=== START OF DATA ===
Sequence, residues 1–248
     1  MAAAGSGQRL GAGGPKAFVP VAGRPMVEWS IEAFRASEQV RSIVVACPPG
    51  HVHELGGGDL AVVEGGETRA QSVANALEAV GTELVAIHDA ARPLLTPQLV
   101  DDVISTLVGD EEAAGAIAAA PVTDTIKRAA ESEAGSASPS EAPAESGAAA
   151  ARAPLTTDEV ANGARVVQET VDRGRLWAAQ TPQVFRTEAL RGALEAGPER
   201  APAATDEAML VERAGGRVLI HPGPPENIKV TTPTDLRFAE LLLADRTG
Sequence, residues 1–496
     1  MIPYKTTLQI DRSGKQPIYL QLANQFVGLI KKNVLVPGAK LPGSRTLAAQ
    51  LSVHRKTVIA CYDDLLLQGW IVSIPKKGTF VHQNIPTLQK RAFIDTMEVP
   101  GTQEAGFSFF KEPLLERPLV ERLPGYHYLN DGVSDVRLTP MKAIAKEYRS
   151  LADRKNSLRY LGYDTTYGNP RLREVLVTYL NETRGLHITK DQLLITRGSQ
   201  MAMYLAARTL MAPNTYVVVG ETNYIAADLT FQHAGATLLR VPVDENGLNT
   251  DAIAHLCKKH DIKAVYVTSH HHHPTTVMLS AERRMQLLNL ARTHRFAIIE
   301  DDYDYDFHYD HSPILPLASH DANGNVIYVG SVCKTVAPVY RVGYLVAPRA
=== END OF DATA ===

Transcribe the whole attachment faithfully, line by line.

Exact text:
Sequence, residues 1–248
     1  MAAAGSGQRL GAGGPKAFVP VAGRPMVEWS IEAFRASEQV RSIVVACPPG
    51  HVHELGGGDL AVVEGGETRA QSVANALEAV GTELVAIHDA ARPLLTPQLV
   101  DDVISTLVGD EEAAGAIAAA PVTDTIKRAA ESEAGSASPS EAPAESGAAA
   151  ARAPLTTDEV ANGARVVQET VDRGRLWAAQ TPQVFRTEAL RGALEAGPER
   201  APAATDEAML VERAGGRVLI HPGPPENIKV TTPTDLRFAE LLLADRTG
Sequence, residues 1–496
     1  MIPYKTTLQI DRSGKQPIYL QLANQFVGLI KKNVLVPGAK LPGSRTLAAQ
    51  LSVHRKTVIA CYDDLLLQGW IVSIPKKGTF VHQNIPTLQK RAFIDTMEVP
   101  GTQEAGFSFF KEPLLERPLV ERLPGYHYLN DGVSDVRLTP MKAIAKEYRS
   151  LADRKNSLRY LGYDTTYGNP RLREVLVTYL NETRGLHITK DQLLITRGSQ
   201  MAMYLAARTL MAPNTYVVVG ETNYIAADLT FQHAGATLLR VPVDENGLNT
   251  DAIAHLCKKH DIKAVYVTSH HHHPTTVMLS AERRMQLLNL ARTHRFAIIE
   301  DDYDYDFHYD HSPILPLASH DANGNVIYVG SVCKTVAPVY RVGYLVAPRA